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Brand Strategy Media Planning and Buying Experiential Marketing

Have influencers made experiential marketing risk-free?


By Hannah Bowler, Senior reporter

December 11, 2023 | 9 min read

The pop-up is having a major resurgence. We ask brand marketers what’s behind this change and if pop-ups are worth the expense.

Make up and tattoo parlor at Pinterest pop up

Influencers flock to Pinterest pop up 'Possibility Place' / Pinterest

Spend on experiential marketing is up as brands respond to a growing appetite for real-world experiences from consumers. But top marketers at Asos, Britvic and Pinterest believe they can glean more from this channel by doubling down over the next year.

The IPA Bellwether surveys reveal seven successive quarters of growth for event marketing budgets from 2022 to Q3 2023. Its most recent report forecasts that event budgets would be up 5.9% in the final quarter of the year and found that 14.5% of marketers anticipate a further rise in event marketing spend.

Accordingly, this year we’ve seen many older brands such as Pinterest and Asos launch their first experiential campaigns. Dan Elton, senior customer director at Asos, is behind Asos’ first ever pop-up, which opened off London’s Oxford Street last month. Elton is pushing the online retailer to do more experiential marketing to connect with customers offline and increase its content output.

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“Now you can use pop-ups and with social media that they can be absolutely incredible places for you and your consumers to create content... content that can be consumed at scale by customers online,” Elton says. “That makes them much less of a risk.”

The ’Asos In Real Life’ activation was a four-story immersive pop-up off Oxford Street that brought together fashion, beauty, food and music in partnership with brands like Charlotte Tilbury, Crosstown donuts and Marc Jacobs Fragrances.

Make up stand at Asos' pop up

“If you were going to run a pop-up 10 years ago, then you were heavily reliant on a small number of writers and journalists picking up your press release or visiting and writing about it. So it was a bit more of a risk,” Elton says. If someone attended who wasn’t from the right outlet or didn’t enjoy the event, Elton says, then the investment wouldn’t be worth it.

“The only people who ever benefited from it were a couple of 100 who attended, whereas now you can guarantee that there are going to be tens of thousands if not hundreds of thousands who consume content about it online,” he says.

To blend the physical with the digital Asos teamed up with Snapchat where visitors can try out outfits using AR technology. There were also live DJs, panel talks, workshops, styling sessions and even a running club with New Balance. “Our consumers interact with it [activation], they produce content and it becomes this enormous and measurable word-of-mouth flywheel,” he adds.

Pop-ups have also become an essential tool for FMCG brands that don’t have ownership over their retail environment.

Alex Petrogiannis, who is marketing and e-commerce director at Britvic, helped open a temporary coffee shop for the plant-based milk brand Plenish. The activation included free Pilates classes and coffee for press and influencers. Over the two days, Plenish served over 1,200 coffees and reached over 10 million consumers through a mix of press and influencer coverage.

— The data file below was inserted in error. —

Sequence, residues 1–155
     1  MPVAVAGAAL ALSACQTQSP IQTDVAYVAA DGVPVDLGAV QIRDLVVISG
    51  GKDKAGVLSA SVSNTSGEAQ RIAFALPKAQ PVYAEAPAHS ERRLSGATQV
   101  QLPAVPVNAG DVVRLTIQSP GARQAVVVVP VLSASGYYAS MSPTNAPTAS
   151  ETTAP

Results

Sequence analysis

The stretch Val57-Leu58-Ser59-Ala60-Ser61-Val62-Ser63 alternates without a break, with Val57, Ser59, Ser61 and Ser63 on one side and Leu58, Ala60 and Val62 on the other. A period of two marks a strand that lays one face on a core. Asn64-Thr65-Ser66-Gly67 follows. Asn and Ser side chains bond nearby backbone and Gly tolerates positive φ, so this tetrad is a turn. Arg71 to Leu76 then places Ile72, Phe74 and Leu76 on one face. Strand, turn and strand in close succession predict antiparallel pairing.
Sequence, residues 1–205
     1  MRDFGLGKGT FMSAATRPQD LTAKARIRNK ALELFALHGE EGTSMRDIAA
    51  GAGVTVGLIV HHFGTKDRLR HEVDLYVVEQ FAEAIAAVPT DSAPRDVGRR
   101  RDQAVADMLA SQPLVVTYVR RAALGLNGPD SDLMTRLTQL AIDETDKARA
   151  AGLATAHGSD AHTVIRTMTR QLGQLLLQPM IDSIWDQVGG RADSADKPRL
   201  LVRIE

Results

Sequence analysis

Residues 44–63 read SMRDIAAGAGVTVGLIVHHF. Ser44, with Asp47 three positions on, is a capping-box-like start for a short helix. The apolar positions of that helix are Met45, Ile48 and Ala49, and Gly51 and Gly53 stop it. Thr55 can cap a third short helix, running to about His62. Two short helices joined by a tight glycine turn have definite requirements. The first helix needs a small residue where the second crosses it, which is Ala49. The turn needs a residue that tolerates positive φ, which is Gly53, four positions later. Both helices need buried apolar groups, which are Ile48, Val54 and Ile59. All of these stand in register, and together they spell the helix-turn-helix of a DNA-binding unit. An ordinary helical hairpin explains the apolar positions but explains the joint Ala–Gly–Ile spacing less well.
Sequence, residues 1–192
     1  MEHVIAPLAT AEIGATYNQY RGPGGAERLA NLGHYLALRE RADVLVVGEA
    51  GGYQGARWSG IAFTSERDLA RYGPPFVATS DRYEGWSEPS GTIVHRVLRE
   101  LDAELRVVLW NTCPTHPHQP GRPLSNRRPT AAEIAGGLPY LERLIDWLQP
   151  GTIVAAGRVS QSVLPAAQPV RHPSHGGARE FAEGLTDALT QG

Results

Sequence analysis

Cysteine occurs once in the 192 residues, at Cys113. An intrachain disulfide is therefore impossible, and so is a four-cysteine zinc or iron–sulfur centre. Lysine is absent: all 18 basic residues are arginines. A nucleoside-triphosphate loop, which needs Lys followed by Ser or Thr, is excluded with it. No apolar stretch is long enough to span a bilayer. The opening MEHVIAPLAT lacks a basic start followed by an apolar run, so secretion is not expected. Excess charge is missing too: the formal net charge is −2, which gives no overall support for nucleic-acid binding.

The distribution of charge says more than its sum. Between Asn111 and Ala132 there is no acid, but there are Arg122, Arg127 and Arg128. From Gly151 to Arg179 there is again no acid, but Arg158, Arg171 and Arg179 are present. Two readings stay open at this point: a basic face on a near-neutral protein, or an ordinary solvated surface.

“It’s particularly important for FMCG brands like Plenish that don’t have a ‘physical home’ outside retail stores,” he adds. “Pop-ups have become an indispensable tool for marketers.”

Petrogiannis warns that pop-ups are becoming “commonplace”. Brands need to think up new experiences, he says. “It’s become critical to think outside the box and offer real value to not only attract visitors but also ensure they leave feeling rewarded,” he says.

Social platform Pinterest has also cottoned on to the benefits of meeting users in the real world. The mood board site also launched its first physical activation opening Possibility Place pop-up in London last month. The event offered free tattoos, nail art and DIY and cooking workshops. Louise Richardson, director of marketing in Europe, recently told The Drum: “Experiential just conceptually makes so much sense for us, pinners are always asking to bring my Pinterest to life.”

@yaya_kannibal Come with me to #possibilityplace pop up by @Pinterest UK 5-11 short's gardens WC2 (covent garden) 29-30 September- 11am to 7pm loads of opportunities a free choice between : a hair style, nail art or micro tattoo. tattoos: @One By One Tattoo food demonstration: @Lagomchef free tote bags,a gumball machine,Lotto, photo ops, master classes, DIY classes and live panel painting. #london #coventgarden #popup #pinterest #pinterestuk #onebyonetattoo #lagomchef #sharepositivity #goodvibes #timetosparkle #itspossible #makeover #freetattoo #vegan ♬ Cupid – Twin Ver. (FIFTY FIFTY) – Sped Up Version - sped up 8282

The Drum visited the Pinterest pop-up on a Thursday morning and found a queue filling four streets around the surrounding area. In the past, a brand’s social team would be sharing scenes like these online, but now Pinterest can let the visitors do the work for them.

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The economic conditions for brick-and-mortar retail are also set to play a big role in brands’ use of experiential for the coming year. Laura Ashley’s costly high street stores resulted in the retailer’s collapse in 2020; when the home and clothing brand returned months later, it pursued a licensing business model with no plans to reopen permanent stores.

The company’s vice president Poppy Marshall-Lawton revealed to The Drum that for customers who “missed“ their Laura Ashley store the pop-up is vital to service them.

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